Section 80E of the Act lays down the features and conditions applicable for availing tax deduction on interest for education loan
We all want to give a good upbringing and education to our children. Typically, children’s education, especially higher-education, is funded out of savings and investments or by way of an education loan.
Recognising the interest burden arising from an education loan, the Income-tax Act, 1961 (‘Act’) provides tax incentive for such interest paid by an individual.
Section 80E of the Act lays down the features and conditions applicable for availing tax deduction on interest for education loan.
Amount eligible for tax benefit
Tax benefit is on the amount paid in the financial year as interest on loan taken by an individual pursuing higher education or higher education of a relative.
Pre-condition for claiming the tax deduction is that the loan should be in the name of the individual and the interest should be paid out of the taxable income. It is important to note that repayment of principal amount is not covered under this section.
Definition of higher education
Tax deduction is allowed only if the loan is taken for the purpose of ‘higher-education’. The term ‘higher-education’ has been defined in Section 80E to mean any course of study pursued after passing the Senior Secondary Exam (SSE), also known as Higher Secondary Examination or Class 12 or the 12th Board.
The SSE/ class 12th exam could be conducted by any School, Board or University recognized by the Central or State Government or a local authority to do so.
Keeping up with the changing times, the term ‘higher-education’ now includes any part-time/full-time course in any discipline pursued by the student.
This could be a diploma, a graduation, post-graduation course, offered by any University, Institute or Organization.
Interestingly, prior to 1st April 2010, ‘higher-education’ included only full-time studies for any graduate or post-graduate course in specified disciplines such as engineering, medical, management.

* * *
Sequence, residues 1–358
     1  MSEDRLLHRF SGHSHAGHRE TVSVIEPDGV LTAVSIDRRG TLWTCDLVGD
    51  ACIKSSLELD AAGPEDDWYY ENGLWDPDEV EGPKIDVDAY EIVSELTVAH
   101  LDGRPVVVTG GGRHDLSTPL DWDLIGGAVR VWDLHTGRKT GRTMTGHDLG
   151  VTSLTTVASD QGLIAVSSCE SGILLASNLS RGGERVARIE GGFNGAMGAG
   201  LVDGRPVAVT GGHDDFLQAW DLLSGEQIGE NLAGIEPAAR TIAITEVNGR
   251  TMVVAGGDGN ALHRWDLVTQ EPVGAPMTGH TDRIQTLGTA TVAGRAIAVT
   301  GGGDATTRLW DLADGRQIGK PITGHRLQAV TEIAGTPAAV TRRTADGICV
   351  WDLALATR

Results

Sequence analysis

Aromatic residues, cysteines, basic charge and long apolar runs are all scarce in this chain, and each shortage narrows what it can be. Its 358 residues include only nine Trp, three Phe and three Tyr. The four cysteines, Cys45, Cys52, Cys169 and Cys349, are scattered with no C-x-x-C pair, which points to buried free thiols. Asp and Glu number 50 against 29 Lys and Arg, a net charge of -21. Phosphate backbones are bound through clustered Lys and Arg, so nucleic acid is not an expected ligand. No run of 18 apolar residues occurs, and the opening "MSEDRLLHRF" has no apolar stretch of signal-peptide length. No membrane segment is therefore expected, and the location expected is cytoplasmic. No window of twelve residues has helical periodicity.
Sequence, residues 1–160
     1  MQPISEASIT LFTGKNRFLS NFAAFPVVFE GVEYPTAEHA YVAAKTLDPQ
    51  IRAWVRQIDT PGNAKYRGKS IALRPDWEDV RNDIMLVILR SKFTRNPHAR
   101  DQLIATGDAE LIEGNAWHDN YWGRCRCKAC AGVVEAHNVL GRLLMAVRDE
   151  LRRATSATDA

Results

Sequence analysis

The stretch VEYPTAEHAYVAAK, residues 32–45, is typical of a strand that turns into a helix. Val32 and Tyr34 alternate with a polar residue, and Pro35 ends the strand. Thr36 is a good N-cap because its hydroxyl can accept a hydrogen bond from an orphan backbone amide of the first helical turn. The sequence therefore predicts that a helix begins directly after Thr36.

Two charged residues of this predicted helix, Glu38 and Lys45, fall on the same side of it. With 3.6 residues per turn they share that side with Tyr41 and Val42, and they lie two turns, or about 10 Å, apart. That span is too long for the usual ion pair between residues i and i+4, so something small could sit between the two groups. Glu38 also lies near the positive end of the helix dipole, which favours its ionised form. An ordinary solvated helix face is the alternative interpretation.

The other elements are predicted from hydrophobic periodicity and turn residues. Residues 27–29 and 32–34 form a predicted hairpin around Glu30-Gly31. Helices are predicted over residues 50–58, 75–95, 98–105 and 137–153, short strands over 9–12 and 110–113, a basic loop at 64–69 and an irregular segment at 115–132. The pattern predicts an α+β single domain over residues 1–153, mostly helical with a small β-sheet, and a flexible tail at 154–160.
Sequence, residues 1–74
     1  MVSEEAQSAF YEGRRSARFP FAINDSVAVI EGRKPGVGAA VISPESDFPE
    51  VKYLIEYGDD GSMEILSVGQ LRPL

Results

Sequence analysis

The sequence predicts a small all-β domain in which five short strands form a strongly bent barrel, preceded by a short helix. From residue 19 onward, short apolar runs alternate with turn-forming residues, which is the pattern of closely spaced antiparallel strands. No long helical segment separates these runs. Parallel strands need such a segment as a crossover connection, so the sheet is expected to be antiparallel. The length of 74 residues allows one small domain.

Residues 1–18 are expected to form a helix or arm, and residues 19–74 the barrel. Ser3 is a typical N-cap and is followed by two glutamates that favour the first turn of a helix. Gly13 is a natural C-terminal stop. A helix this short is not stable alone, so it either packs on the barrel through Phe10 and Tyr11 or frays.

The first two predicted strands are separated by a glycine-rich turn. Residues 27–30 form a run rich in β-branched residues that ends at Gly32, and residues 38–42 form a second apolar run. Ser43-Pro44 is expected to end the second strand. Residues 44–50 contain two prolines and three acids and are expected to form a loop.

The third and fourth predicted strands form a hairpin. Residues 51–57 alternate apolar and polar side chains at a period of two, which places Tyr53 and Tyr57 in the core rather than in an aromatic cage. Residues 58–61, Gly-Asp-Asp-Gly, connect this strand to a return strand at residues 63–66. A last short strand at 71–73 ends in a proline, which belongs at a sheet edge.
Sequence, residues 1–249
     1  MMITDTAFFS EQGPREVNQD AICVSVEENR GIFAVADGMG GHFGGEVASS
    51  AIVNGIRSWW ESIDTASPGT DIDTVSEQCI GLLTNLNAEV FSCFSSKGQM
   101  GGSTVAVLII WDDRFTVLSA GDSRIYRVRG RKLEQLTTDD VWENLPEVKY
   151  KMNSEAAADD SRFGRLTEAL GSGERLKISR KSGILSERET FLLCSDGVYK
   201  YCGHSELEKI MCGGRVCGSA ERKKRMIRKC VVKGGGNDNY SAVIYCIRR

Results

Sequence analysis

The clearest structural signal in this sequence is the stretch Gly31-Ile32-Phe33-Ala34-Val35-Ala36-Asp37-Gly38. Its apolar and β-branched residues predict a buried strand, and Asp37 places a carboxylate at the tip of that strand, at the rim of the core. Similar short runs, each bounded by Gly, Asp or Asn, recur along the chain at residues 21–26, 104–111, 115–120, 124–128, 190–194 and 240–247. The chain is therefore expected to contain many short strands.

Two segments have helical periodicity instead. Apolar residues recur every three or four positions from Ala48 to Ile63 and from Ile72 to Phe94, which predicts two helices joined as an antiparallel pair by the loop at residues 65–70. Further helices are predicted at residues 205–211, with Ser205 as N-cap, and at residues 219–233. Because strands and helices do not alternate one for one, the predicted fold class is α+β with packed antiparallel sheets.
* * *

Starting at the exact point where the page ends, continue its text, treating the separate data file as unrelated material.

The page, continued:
Definition of relative
Tax benefit can be availed for financing the individual’s own higher-education or the higher education of the relative. For this purpose, ‘relative’ means the spouse and children of the individual or the student for whom the taxpayer is the legal guardian.
The deduction can be claimed only if the loan has been taken from a bank, any financial institution or any approved charitable institution as defined under the Act or notified by the central government for this purpose.
Therefore, deduction shall not be available under Section 80E if the education loan is taken from employer, family, friends or other non-specified sources.
Period for which deduction can be claimed
The deduction under this section is allowed for a period of 8 tax years, starting with the year in which the first payment is made or until the entire amount of interest is paid, whichever is earlier.
Expenses covered under the loan
The education loan may be taken for tuition or college fees or other expenses such as hostel charges, transport charges etc and entire amount of interest can be claimed as deduction irrespective of the rate of interest on which loan for higher education was taken.
Applicability for higher education outside India
Even if loan is taken for higher studies outside India, interest payments in respect of education loan shall be eligible for deduction under section 80E of the Act. As per a recent judgment in ‘Nitin Shantilal Muthiyan vs Deputy Commissioner of Income Tax’ Pune tribunal has made it clear that higher education can be for studies outside India also under section 80E of the Act.
Other tax benefits
Apart from above, Section 80C also includes a deduction of up to Rs 1.5 lakh for tuition fees paid to any university, college, school or other educational institution in India. The amount paid by an employer towards ‘children's education allowance’ also qualifies for an exemption of Rs 100 per month per child subject to a maximum of two children.
(The author is Partner, KPMG in India. Amit Gupta, Manager, also contributed to the article. The views expressed by them are personal)